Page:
More than half of the patients required excision of their nevi out of malignant concerns without any suspicious malignant signs. This identified a public education gap for identifying suspicious melanocytic lesions and a need to promote patient education regarding MN and risk of melanoma, including visible signs of malignant transformation.
A female predominance was noted in our study, irrespective of nevus location. This may indicate a stronger concern not only with their appearance, but also with general skin health.
The prevalence of MN is related to age, race, and perhaps genetic and environmental factors. A few nevi are present at birth and in early childhood. The number then increases, reaching a peak during the third decade of life; thereafter, nevi tend to degenerate with increasing age. There is a period of particularly rapid development during puberty.[2,9] In the study, 54.7% (573/1046) of the patients developed nevi before 10 years of age, 70.2% (734/1046) before 20, and 83.2% (870/1046) before 30; this was in accordance with prior studies.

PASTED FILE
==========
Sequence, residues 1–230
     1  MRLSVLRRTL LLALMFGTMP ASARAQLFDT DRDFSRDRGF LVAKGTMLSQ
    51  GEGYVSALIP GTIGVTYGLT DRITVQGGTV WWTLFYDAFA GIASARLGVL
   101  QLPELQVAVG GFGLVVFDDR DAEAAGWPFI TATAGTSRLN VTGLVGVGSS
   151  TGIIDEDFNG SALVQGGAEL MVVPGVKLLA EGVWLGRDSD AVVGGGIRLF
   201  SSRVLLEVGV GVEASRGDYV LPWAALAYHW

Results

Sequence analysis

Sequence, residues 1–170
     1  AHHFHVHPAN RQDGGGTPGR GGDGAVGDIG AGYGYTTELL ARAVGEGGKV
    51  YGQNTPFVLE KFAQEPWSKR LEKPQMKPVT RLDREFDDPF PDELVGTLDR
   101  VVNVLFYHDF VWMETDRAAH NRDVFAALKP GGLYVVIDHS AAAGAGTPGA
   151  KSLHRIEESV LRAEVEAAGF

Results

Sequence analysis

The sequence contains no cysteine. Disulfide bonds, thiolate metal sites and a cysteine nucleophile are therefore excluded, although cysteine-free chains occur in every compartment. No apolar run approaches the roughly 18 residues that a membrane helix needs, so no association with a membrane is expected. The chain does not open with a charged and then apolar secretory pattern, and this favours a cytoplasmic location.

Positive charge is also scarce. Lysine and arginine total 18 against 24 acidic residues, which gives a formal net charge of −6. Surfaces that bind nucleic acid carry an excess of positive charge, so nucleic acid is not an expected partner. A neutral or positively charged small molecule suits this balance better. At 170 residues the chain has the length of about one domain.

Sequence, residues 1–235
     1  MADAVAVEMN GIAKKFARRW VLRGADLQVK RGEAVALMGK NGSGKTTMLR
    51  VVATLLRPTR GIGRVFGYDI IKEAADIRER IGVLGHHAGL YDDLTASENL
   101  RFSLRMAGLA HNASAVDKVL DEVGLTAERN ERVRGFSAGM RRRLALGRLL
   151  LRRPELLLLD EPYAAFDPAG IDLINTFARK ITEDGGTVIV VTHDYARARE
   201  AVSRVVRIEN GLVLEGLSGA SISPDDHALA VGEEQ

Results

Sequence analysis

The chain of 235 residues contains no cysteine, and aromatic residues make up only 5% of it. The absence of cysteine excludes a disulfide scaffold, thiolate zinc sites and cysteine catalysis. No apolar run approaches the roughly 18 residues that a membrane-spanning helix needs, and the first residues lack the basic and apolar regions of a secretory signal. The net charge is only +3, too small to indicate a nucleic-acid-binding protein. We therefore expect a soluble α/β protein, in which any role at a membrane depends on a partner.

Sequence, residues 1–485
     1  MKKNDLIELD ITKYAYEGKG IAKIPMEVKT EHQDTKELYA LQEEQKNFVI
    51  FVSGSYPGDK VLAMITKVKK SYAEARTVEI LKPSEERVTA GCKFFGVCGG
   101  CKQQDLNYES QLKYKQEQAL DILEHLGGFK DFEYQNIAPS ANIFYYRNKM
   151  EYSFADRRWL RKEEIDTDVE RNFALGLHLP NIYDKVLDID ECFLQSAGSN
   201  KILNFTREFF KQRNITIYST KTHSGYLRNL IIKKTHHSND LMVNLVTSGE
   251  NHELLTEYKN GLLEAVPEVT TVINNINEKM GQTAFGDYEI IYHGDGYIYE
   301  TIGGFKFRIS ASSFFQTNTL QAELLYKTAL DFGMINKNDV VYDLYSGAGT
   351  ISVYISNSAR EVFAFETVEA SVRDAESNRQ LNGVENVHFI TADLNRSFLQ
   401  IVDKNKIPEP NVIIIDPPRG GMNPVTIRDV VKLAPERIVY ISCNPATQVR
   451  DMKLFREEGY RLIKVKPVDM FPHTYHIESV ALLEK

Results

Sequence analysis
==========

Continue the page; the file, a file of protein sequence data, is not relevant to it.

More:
The incidence of MN on the palms and soles, nail beds and conjunctivae are correlated with race; nevi on these surfaces are more common in Africans and Asians than in Caucasians. In our Chinese series, most resected nevi were located on nonacral regions (79.2%, 829/1046) rather than on the palms and soles (20.8%, 217/1046). The high percentage of head and neck nevi being resected might be due to the visibility of nevi in these sites, triggering aesthetic or health concerns.